How To Remove No More Nails Adhesive

This is a tricky topic. No More Nails is an adhesive made by Unibond that’s designed to, well, make it so you don’t need to use nails. It’s extremely strong when used properly, making its removal much more difficult than, say, wood glue. Generally used to secure heavy objects to things that can’t safely have nails or screws in them, it’s strong. That means that knowing how to remove No More Nails will serve you well if you plan to use it.

How to remove No More Nails? Do it with a combination of heat, a blade, and mineral spirits.

This isn’t a super complicated topic, so it shouldn’t be a super long one today. Let’s get right into it!

No More Nails – What, Why, and How?

First things first – what exactly is No More Nails? As mentioned in the introduction, it’s a specialised adhesive. It’s specifically designed to attach to porous materials, such as:

  • All wood
  • Most plastic (not PE, PP, or Teflon)
  • Brick
  • Ceramic
  • Plaster
  • Glass
  • Skirting boards
  • Dado rails
  • coving
  • Architraves
  • Polystyrene mouldings (one surface must be porous)

It’s great for DIY projects that require a strong attachment, without the use of traditional mechanical attachments, such as nails and screws. It’s generally safe and easy to use (like most adhesives), and has incredibly high bond strength. One reviewer said:

I used this product to glue a thin plastic sheet to a piece of old chip wood from the 80’s just to keep it from falling apart. It worked, and if I was to pull the plastic sheet from the wood, it would split and destroy before the glue will let go. The glue dried in about 20 hours.

My other job, I used this glue to stick a small tab of metal to a metal table. It would stick, but can be pulled off with medium force. In comparison, I used some old kitchen silicone sealant to do the same and it is stuck on there and almost is impossible to remove without ripping my finger nails off. I guess it depends on what you are sticking, for me old wood with many grip points and a clean non smooth surface seems to be the best for glue to bite into. Smooth surfaces not too great.


AstroblemeYT

So we know why and how to use it – but how do you get it off? Well, that’s simultaneously easy and a bit complicated, depending on what it’s attached to.

How to Remove No More Nails

This is going to require a bit of finesse and attention, but it won’t be actively hard, per se. To remove No More Nails, you’ll need the following:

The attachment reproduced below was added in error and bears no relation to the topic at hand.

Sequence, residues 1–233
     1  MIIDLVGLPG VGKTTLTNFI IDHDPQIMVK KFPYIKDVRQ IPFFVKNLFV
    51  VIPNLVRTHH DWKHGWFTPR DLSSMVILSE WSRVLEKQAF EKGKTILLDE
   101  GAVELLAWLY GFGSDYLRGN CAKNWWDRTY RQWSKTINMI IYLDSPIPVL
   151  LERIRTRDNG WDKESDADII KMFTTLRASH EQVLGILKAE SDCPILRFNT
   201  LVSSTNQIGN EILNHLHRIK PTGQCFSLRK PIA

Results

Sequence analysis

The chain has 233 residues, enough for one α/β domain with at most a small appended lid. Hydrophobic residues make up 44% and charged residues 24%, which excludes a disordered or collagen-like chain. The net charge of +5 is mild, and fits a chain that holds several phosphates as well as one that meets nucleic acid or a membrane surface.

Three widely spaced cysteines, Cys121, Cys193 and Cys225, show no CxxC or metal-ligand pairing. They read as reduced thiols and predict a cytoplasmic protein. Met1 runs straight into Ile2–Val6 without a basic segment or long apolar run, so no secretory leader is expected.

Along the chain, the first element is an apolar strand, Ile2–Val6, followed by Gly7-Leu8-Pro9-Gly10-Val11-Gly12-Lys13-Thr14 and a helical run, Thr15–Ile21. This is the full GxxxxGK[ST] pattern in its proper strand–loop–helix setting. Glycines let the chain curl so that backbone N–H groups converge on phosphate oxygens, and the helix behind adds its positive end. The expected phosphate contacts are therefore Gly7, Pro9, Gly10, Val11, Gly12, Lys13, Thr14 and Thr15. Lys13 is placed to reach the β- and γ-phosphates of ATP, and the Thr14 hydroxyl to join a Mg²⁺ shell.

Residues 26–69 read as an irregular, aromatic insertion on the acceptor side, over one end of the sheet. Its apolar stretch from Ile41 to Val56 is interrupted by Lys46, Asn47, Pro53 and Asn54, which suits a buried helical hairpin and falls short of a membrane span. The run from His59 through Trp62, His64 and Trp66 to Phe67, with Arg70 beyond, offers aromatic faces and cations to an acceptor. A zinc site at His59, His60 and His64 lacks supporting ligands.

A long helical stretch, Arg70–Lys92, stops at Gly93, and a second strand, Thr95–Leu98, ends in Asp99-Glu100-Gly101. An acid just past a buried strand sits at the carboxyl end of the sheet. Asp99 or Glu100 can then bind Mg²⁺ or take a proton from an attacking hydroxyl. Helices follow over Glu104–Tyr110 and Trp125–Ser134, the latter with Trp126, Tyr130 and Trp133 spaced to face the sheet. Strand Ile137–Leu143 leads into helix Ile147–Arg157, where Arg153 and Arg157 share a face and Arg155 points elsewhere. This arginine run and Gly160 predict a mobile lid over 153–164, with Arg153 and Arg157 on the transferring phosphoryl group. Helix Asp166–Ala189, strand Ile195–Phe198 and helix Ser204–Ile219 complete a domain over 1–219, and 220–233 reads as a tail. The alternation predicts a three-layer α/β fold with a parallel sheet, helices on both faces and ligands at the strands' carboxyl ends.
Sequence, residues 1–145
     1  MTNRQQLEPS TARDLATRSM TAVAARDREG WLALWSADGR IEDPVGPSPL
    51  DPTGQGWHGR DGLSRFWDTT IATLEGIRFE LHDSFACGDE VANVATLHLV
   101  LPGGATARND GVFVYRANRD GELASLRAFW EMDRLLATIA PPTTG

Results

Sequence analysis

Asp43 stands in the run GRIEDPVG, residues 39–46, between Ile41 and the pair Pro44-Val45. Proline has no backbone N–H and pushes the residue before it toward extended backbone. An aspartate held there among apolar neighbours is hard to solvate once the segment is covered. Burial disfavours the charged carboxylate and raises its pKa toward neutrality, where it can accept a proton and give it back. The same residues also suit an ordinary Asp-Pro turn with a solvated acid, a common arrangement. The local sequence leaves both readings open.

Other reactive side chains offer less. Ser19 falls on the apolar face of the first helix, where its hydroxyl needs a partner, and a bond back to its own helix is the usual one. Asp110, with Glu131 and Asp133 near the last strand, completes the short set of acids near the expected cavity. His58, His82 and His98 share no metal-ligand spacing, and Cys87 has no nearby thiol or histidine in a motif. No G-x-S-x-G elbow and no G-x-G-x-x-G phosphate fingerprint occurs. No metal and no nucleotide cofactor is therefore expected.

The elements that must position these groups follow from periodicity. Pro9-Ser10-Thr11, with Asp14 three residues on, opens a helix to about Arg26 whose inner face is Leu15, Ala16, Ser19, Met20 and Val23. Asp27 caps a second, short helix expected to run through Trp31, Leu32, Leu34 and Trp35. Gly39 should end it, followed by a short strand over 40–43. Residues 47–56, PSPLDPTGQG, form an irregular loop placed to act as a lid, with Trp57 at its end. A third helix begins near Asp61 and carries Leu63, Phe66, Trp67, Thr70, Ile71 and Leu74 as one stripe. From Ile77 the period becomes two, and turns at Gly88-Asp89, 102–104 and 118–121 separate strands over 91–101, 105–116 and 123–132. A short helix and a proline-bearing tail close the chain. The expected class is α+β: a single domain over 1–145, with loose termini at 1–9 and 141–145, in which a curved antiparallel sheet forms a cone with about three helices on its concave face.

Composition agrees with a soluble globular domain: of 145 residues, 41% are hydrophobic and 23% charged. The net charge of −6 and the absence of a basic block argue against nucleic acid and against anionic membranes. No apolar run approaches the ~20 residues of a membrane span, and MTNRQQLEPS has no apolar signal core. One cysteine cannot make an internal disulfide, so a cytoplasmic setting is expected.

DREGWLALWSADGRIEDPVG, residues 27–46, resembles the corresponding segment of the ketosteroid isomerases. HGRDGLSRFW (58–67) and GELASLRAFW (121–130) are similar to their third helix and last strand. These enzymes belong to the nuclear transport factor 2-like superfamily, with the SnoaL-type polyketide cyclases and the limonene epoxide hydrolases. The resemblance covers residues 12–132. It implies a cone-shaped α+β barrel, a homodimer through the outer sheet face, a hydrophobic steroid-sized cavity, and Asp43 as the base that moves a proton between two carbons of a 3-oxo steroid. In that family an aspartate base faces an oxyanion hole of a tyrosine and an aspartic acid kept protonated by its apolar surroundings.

• A utility knife
  • Heat gun or hairdryer
  • Mineral spirits & rag
  • Hands – you do have those, right?

Now – how to remove the adhesive? Do the following:

  1. Using a heat gun, soften the adhesive. Depending on the surface, this may require a bit of extra love and attention.
    1. I.e. glass will require more care than wood, same with ceramic vs. plaster.
  2. Scrape the adhesive off as much as possible with your utility knife.
  3. Repeat steps 1 and 2 until it’s fully removed.
  4. Soak a rag with mineral spirits and wipe the area. This will remove any remaining residue and allow you to continue as desired with the surface in question.

If you have No More Nails strips, on the other hand, things change. For the uninformed, these are essentially Command strips on crack – they will hold most things that No More Nails will in glue form. To remove No More Nails strips, simply grab one end and twist. It should pull away from the surface with minimal effort.

Final Thoughts

No More Nails is an awesome adhesive when used on the proper material. Surfaces like metal and Teflon won’t take well to it, but porous surfaces will hold that sucker like nobody’s business. Trying to remove it by hand is a surefire way to have sore hands and a still-glued surface. Instead, use the method above.

Heat the adhesive gently, scrape it with a utility knife, and repeat until it removes. Once done, wipe the area with a mineral spirit soaked rag to remove any leftover residue and clean up. Be sure to pay attention to the medium to which the adhesive is applied. If it’s on glass or ceramic, you need to be extra careful with all of the above steps to prevent scratching or breaking the surface.

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About the Author Harry Thompson

Involved in home renovations throughout his life, Harry is an expert in everything to do with home and garden DIY. In his spare time, he enjoys cooking and tending to his garden.